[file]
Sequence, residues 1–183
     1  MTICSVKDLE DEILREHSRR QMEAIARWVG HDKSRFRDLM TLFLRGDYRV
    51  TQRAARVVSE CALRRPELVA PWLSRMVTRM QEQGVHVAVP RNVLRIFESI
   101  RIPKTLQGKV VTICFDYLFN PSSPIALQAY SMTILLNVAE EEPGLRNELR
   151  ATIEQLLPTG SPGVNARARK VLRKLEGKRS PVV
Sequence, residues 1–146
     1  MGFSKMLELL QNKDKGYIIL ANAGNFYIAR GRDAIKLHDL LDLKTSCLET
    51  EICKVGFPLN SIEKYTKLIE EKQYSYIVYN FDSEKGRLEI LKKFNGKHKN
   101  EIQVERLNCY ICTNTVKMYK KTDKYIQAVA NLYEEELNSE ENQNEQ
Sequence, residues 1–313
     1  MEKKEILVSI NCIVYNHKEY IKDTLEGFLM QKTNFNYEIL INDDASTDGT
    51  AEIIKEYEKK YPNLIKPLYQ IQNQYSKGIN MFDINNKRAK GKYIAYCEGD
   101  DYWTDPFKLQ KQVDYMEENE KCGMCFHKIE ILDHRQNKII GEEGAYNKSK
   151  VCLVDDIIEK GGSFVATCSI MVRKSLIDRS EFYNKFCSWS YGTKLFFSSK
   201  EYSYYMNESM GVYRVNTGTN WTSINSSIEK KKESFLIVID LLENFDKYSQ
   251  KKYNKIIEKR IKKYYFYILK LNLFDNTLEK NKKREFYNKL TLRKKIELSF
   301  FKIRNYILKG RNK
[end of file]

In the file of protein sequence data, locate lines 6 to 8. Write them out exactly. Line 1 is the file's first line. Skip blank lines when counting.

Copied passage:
Sequence, residues 1–146
     1  MGFSKMLELL QNKDKGYIIL ANAGNFYIAR GRDAIKLHDL LDLKTSCLET
    51  EICKVGFPLN SIEKYTKLIE EKQYSYIVYN FDSEKGRLEI LKKFNGKHKN